Phillips says that all lash artists apply eyelash extensions slightly different, but there’s a general application to follow. First, the lash technician will cleanse the eye area to remove makeup, oil, and germs. Then, you’ll want to get comfortable because you’ll be laying down for one-to-two hours. Skip any stimulants like caffeine to make this process a bit more comfortable. 

After applying some medical-grade tape around your eyes (it doesn’t hurt!) and under-eye patches for contrast, the lash technician will glue the semi-permanent lashes one by one on top of your natural lashes with tweezers. More full, dramatic lashes might require even more. Be sure to alert your artist if you have any allergies to lash adhesive. Otherwise, lash glue is generally safe as long as it doesn’t contain formaldehyde—and it shouldn't with a licensed lash artist, but it’s always okay to ask and make sure. 

How Much Do Lash Extensions Cost?

Cost varies state to state and even city to city but they can get pretty pricey, from about $100 to $400 without tip. As much as you might want to find an online coupon or go to a discount studio, eyelash extension application is a beauty service you shouldn’t skimp on. You don’t have to choose the most expensive studio in your area, but you’ll want to ensure the one you choose is reputable. 

Eyelash Extension Aftercare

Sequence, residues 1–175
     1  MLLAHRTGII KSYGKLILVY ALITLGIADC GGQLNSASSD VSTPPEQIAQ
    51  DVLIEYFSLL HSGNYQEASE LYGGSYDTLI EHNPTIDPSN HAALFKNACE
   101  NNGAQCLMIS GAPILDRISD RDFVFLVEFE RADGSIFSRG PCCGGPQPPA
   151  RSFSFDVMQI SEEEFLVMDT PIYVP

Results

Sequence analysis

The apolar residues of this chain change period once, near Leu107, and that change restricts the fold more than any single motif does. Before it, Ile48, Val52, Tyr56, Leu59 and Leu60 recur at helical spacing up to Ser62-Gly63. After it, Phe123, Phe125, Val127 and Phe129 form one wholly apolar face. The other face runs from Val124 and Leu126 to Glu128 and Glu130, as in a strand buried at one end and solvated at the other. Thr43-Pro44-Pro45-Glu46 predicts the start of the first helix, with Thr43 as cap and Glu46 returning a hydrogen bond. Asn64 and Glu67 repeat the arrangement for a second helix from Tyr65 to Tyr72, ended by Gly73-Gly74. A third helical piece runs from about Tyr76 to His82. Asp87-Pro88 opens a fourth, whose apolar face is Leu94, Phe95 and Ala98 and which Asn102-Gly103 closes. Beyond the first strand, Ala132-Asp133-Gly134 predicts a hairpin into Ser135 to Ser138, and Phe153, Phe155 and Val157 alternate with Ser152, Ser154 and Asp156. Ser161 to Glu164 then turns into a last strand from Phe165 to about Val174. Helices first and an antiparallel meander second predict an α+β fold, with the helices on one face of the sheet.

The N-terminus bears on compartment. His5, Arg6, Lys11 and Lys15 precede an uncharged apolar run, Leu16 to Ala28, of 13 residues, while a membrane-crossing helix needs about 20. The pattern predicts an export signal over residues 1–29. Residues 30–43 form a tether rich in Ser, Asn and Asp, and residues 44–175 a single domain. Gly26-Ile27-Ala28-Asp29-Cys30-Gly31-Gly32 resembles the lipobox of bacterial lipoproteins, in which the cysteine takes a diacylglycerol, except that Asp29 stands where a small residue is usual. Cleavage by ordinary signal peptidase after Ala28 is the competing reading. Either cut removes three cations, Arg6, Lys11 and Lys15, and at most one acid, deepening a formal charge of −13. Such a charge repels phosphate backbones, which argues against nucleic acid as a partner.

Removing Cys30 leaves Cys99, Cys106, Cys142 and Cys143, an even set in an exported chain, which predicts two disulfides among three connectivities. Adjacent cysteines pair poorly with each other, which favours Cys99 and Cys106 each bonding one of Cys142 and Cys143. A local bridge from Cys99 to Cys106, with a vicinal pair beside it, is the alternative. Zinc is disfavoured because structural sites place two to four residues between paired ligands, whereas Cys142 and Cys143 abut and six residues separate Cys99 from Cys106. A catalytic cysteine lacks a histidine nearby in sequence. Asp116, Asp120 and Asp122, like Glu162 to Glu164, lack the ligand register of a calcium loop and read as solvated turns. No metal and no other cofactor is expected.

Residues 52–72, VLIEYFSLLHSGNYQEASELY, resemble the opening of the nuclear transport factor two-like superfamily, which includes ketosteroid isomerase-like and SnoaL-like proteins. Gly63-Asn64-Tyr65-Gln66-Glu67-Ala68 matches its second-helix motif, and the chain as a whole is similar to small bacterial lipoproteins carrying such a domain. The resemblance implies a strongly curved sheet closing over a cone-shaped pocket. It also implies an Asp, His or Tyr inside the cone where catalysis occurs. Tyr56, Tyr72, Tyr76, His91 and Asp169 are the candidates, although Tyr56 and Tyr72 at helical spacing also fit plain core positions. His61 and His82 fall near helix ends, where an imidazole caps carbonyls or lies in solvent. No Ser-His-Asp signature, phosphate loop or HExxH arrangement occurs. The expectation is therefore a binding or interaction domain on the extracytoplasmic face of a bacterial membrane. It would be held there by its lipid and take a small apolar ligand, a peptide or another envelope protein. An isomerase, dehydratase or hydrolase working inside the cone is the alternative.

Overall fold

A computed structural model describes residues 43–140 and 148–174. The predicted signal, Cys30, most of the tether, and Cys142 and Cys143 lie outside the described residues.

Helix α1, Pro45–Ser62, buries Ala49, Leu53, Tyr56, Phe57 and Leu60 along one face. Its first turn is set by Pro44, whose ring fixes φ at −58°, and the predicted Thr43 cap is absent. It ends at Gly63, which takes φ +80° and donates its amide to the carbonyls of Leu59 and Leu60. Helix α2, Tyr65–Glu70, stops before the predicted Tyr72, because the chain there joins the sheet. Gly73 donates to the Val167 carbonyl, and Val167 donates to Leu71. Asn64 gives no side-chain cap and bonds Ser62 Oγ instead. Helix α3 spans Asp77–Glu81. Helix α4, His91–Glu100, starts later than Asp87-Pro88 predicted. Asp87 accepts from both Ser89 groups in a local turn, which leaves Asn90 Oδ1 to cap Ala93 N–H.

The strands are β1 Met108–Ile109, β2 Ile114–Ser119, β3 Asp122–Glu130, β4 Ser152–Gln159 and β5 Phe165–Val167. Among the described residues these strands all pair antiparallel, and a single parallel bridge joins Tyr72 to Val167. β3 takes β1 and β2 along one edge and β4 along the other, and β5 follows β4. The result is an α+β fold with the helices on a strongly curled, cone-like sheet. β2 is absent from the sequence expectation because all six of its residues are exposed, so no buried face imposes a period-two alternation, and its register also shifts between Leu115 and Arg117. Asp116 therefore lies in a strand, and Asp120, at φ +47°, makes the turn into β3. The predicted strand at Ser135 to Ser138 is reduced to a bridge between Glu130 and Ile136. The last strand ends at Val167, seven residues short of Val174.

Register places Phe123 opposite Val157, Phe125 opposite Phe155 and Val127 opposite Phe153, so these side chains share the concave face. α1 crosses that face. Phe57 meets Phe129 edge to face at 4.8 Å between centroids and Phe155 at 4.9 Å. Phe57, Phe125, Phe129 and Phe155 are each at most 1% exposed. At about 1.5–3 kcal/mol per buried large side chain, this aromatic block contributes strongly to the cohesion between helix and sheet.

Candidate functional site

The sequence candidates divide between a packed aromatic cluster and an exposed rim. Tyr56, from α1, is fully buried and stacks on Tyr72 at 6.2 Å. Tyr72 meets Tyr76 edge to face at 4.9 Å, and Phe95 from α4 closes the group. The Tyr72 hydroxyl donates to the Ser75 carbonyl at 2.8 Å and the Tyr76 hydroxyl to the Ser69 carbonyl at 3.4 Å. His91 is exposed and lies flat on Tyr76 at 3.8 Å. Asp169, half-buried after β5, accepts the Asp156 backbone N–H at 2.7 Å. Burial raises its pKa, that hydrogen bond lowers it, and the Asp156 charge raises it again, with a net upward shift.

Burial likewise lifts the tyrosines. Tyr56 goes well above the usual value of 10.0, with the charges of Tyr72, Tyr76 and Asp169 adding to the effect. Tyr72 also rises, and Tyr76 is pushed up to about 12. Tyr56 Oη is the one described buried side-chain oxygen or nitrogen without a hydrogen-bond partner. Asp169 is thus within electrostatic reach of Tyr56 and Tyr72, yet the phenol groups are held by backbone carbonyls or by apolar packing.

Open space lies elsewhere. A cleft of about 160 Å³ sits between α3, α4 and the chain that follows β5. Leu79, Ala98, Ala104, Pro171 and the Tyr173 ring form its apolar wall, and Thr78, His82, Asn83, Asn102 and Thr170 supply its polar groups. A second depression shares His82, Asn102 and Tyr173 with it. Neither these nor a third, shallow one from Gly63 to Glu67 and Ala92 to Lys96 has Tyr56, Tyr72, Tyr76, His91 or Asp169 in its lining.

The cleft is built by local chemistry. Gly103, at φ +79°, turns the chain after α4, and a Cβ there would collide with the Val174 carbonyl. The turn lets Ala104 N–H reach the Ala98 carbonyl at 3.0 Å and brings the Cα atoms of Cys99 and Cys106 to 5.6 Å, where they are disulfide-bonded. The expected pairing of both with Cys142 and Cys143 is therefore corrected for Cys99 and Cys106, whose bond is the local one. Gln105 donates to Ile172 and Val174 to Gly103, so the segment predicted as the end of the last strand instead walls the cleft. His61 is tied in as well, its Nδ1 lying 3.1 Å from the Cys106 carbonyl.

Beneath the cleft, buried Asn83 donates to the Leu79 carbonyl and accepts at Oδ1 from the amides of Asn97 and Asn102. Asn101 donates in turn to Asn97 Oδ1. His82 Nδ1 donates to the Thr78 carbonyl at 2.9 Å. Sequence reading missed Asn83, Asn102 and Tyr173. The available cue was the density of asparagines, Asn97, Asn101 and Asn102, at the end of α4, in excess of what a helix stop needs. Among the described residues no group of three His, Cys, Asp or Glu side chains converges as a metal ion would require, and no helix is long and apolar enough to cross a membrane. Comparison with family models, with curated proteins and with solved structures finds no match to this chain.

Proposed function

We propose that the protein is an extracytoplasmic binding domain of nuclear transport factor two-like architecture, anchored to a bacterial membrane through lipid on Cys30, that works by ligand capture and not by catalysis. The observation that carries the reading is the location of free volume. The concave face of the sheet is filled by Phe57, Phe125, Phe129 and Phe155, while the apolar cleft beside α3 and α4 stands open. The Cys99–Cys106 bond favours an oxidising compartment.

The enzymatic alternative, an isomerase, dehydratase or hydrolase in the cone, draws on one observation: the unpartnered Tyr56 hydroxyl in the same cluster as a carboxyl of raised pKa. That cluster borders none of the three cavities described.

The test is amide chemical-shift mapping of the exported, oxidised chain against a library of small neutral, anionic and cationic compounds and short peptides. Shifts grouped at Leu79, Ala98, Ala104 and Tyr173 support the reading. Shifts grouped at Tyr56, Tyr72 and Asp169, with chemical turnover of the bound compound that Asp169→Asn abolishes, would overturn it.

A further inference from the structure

Lash extensions are pretty delicate, but caring for your eye area will help your lashes last and keep your natural lashes safe. First and foremost, you shouldn’t get them wet for the first 48 hours (try swimming goggles in the shower!) and don’t sleep on your stomach—you could crush them and break down the bond of the lash adhesive. Brush your lashes with a spoolie when you wake up, after you shower, and at the end of the day when you remove all your eye makeup. Also, be sure to use a makeup remover that’s oil-free to keep the glue strong. Just remember to be gentle! 

It’s especially important not to rub your eyes. On that note, Phillips says that lash extensions might not be right for those with allergies or folks prone to rubbing their eyes or picking at them. 

When Is It Time for a Refill? 

To keep your natural lashes as healthy as possible, try not to DIY your own lash removal. Always see your lash technician to remove them or get a refill every three-to-four weeks. Cost is generally less, around $40 to $165. Just don’t wait too long, Phillips stresses, or more lashes will need to be fully replaced with new lashes, taking more time and money. 

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About the author
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Elizabeth Denton
Elizabeth is a freelance beauty writer. Previously, she was a beauty & fashion editor at Time Out New York, Seventeen, & Allure. She has more than a decade of experience in the beauty and fashion world, writing for Nylon, StyleCaster, Cosmopolitan & more.
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Article Last Updated March 21, 2022 12:00 AM